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Rent Prices Falling this Summer

June 16, 2020

Apartment List Rentonomics Report

Are rent prices dropping? A report on the US rental market from Apartmentlist shows exactly what we’d expect during a pandemic. Rents are falling in most cities, but not all cities. Some rose as you can see below.

The coming months might present an uplift in rent collected and perhaps some disappointments for landlords and property management companies. Please do check out ManageCasa property management software and learn more about we can help you through the challenges ahead.

With higher tenant turnover, landlords will face challenges in finding and screening good tenants, listing their apartments for rent, staying cash flow positive against their own mounting costs and tax bills.

Bridging the Gap

And this phase of the pandemic for renters and landlords is more serious. As government shutdown checks end this summer in the US, Canada, UK, and Australia, many renters are still unemployed with past rent due. This “gap” period is one that might push a few landlords over the edge. However, everyone is hoping to cross the bridge to get to the post Corona Virus era.

Rent price trends compared. Screen capture courtesy of Apartmentlist.com

 

Rent Growth Took a Downward Turn

Apartmentlist found that national rent growth fell .2% from last month, after flattening out the previous month. As vacancies grow, we’re wondering if rents will drop much faster in June.

Normal rent growth during this part of the year, according to Apartmentlist is about .4% to .5%. Rent growth year over year is usually 1.5% to 2.9% but this year it’s down to .8%, the lowest in the last 5 years.

The US federal government has been making suggestions about further checks to Americans, but some feel it is a disincentive for low paid workers. However, a wave of evicted homeless people could bring severe weight on the economy as we all wait for Corona virus vaccines to arrive.

Compared to previous years, this drop in average rents suggests a trend with momentum. Even if with strong job numbers and retail sales numbers announced, it looks like renters are going to take a hit.

Rising vacancies, lower rent, rent control and rent moratoriums are making it a difficult environment for landlords who must discover new digital solutions to encourage and collect rent.

Cities with Largest Decrease in Average Rents

Hilliard, Ohio and Maitland Florida saw the largest decrease in rent this past month at 1.3%. Dearborn Heights, Michigan has seen the steepest drops in rent year over year at -4.2% followed by Pasadena, Maryland at -4.1%.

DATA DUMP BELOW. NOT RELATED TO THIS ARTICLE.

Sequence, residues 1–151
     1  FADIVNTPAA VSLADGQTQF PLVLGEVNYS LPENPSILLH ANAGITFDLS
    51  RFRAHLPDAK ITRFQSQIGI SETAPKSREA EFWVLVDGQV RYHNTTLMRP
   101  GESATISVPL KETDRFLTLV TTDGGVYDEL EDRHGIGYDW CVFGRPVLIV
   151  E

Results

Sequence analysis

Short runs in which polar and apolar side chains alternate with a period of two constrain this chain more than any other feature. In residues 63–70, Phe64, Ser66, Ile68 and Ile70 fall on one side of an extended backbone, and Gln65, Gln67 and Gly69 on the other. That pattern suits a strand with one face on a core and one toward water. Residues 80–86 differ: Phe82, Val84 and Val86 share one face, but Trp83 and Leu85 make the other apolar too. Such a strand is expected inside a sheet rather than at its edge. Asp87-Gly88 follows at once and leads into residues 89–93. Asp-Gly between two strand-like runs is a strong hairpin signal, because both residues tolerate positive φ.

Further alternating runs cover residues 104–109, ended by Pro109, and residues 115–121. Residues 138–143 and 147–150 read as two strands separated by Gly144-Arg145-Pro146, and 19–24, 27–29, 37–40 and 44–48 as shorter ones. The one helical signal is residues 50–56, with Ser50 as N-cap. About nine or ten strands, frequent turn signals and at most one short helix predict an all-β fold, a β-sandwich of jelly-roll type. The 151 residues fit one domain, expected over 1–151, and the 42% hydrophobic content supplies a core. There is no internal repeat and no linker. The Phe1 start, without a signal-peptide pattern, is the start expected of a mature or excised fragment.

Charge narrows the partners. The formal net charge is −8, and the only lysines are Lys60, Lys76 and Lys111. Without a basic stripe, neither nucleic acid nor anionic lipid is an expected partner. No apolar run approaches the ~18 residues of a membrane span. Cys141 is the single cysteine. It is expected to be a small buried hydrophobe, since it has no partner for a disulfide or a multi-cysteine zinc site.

They report that cities which are dependent on tourism saw the biggest rent price declines. Learn more about the best cities to buy real estate and rental property.

In New York City, monthly rent prices declined .6%, in Los Angeles, rent declined .3% month to month and in Houston, rents actually rose .1% from the previous month.

In Las Vegas, a tourism and service industry dependent city, rent prices only fell by .2%. In Chicago, rents were flat for the month. In San Jose and San Francisco rents fall more steeply by .7%, and in Miami FL, rents receded by .6%.

Given the high rent prices in the Bay area and Manhattan, you might expect bigger drops, however long term leases, rent controls, and eviction moratoriums are keeping markets stable for now.

Some Cities saw Rising Rent Prices

LocationMedian 1BR rentMedian 2BR rentM/M rent change
Y/Y rent change
St. Ann, MO$646$839-0.2%7.5%
La Vista, NE$862$1,0780.4%6.3%
Hatboro, PA$1,287$1,5530.9%6.2%
Madison, AL$791$9520.2%5.7%
Rock Hill, SC$881$1,028-0.4%5.1%
Clarkston, GA$928$1,0711.6%4.6%
Melvindale, MI$719$9360.3%4.5%
Midvale, UT$994$1,234-0.1%4.4%
Franklin, WI$916$1,1350.4%4.3%
Odessa, FL$1,243$1,5470.4%4.3%

* Data courtesy of Apartmentlist

Could the Economy be Derailed?

Last week’s job creation numbers, falling jobless claims, and this week’s surprising growth in retail sales show Americans want things back to normal. These are very positive signs for landlords and renters.

Fast rising Corona Virus infection rates in the sunbelt recently might serve to warn everyone to continue to exercise caution this summer.

Some experts believe the US can’t shutdown again. Business and industry can’t open and close conveniently due to the big startup costs. It looks like we’ll have to learn to live cautiously with the virus and actively and systematically control its spread.

Speaking of spreading, I hope you will share some of blog posts with your tenants to help them understand how to fight Covid 19 in your buildings and community.  See posts on cleaning your building, making safe service calls and about using foggers and misters to disinfect.

It’s important we all take the disease called Covid 19 very seriously, keep our buildings and common spaces clean, keep 6 to 10 feet between us to avoid breathing in aerosol virus particles, and use hand sanitizer frequently.

Take care this summer and find a way to have fun!

 

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